The Coronary Selectivity of Calcium Antagonists — Focus on CHD

Conference paper


Calcium ions play an essential role in the contractility of skeletal and smooth muscle and of both the normal and diseased heart. Calcium channel blockers (CCBs), also termed calcium antagonists, calcium entry blockers or more simply calcium blockers (in French, anticalciques), inhibit the inward movement of calcium in depolarised muscles. This calcium influx occurs through L-type (long-lasting, large-current, or slow), voltage-dependent calcium channels. This results in relaxation of vascular smooth muscle and reduction of cardiac contractility. Although belonging to different chemical families (Fig. 1.1), CCBs are often assumed to be a pharmacologically homogeneous family of drugs. The common property of CCBs is their capacity to relax calcium-evoked contraction of depolarised smooth muscle (Godfraind and Polster 1968; Godfraind and Kaba 1969). Refined pharmacological studies show that variations in chemical structure may result in differences in binding sites, tissue selectivity, and, consequently, clinical activity and therapeutic indications (Godfraind et al. 1986).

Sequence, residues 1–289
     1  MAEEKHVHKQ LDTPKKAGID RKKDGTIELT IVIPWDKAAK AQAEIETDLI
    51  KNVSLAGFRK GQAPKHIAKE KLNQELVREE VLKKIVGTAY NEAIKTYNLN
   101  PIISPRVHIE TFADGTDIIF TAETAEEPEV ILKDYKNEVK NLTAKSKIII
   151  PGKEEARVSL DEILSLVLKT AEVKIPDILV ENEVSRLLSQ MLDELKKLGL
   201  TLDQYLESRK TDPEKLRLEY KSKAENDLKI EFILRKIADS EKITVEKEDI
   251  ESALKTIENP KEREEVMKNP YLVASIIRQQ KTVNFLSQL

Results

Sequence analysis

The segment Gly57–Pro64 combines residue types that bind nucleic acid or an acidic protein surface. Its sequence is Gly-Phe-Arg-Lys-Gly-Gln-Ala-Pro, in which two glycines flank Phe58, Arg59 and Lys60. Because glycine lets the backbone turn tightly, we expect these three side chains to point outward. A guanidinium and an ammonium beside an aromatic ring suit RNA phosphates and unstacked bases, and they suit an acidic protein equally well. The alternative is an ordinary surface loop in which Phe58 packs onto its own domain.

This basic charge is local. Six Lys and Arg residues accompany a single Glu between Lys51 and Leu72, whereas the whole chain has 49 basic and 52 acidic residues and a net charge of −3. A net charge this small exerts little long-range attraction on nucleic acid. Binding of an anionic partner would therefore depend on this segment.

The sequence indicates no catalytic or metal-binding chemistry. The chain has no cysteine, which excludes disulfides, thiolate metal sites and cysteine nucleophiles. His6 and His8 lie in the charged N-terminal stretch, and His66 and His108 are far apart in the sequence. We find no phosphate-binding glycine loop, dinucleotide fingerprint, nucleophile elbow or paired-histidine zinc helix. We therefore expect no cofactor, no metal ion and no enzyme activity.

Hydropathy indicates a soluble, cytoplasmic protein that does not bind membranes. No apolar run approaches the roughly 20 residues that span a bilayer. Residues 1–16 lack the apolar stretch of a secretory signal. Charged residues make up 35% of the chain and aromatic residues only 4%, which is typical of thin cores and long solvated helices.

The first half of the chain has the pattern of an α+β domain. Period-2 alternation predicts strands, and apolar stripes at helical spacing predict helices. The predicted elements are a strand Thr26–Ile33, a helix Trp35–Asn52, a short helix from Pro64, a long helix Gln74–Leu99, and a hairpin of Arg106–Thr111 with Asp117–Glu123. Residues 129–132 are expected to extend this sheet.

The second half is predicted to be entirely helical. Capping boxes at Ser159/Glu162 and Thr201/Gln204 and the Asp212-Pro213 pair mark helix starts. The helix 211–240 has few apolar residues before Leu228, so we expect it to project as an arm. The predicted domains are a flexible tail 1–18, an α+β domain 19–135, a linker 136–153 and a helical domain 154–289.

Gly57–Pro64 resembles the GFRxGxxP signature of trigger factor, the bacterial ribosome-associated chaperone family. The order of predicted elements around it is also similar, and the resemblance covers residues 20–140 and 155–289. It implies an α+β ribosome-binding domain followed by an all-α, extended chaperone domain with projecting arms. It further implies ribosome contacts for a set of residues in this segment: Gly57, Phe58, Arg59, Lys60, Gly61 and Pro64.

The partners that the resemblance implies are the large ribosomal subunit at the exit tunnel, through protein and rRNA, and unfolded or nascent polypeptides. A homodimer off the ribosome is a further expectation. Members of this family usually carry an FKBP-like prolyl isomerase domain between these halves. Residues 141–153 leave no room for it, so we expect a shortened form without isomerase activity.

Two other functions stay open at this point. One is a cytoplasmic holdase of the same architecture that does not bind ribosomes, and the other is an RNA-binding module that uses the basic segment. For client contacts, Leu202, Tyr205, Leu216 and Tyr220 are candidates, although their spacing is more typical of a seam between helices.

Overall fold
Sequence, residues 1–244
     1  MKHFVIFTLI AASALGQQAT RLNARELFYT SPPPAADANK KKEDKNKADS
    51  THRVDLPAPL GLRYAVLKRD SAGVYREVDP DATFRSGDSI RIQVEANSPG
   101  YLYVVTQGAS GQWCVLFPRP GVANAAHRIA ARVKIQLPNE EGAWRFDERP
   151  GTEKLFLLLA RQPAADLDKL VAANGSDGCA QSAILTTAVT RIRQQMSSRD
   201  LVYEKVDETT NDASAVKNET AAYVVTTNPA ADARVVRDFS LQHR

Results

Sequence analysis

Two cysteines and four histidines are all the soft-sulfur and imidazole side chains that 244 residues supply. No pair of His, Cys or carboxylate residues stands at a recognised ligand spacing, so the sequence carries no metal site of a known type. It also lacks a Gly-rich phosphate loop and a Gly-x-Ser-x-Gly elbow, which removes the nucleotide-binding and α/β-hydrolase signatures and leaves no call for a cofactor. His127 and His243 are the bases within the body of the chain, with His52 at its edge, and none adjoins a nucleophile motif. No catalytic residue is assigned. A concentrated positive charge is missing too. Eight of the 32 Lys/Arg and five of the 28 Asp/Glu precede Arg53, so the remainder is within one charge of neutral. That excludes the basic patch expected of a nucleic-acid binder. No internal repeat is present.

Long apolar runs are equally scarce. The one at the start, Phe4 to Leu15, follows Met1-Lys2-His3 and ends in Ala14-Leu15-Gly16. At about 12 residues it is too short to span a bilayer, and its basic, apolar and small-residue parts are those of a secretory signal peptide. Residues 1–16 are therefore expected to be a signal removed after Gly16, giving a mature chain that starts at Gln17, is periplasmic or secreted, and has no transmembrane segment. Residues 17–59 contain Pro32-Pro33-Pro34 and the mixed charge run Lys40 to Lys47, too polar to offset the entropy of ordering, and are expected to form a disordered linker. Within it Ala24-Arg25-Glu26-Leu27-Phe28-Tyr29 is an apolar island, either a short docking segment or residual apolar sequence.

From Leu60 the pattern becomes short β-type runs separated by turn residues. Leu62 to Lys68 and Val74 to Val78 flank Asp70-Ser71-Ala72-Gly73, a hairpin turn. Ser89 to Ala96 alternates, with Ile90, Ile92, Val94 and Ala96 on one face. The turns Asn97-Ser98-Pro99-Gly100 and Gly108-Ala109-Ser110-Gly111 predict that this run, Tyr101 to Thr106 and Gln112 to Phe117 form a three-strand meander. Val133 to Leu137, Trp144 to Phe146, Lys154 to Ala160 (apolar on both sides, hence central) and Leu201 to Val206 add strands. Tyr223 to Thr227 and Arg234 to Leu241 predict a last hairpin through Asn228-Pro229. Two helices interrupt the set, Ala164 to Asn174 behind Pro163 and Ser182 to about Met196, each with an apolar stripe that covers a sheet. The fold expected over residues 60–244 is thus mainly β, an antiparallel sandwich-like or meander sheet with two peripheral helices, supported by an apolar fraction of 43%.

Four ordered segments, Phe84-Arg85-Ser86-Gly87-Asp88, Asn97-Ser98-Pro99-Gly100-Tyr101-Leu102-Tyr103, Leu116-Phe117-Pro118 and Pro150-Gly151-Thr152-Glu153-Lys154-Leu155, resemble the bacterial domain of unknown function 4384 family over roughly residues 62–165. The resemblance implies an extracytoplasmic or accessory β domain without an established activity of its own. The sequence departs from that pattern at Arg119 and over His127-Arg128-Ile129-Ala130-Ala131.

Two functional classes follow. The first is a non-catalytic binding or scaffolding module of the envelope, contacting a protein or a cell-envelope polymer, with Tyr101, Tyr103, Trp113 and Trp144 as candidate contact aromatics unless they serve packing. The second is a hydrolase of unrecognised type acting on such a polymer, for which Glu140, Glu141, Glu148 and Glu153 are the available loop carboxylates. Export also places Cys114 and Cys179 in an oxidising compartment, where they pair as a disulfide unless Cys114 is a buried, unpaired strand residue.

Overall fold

Calcium Channel Calcium Channel Blocker Calcium Antagonist Cardiac Hypertrophy Internal Mammary Artery 
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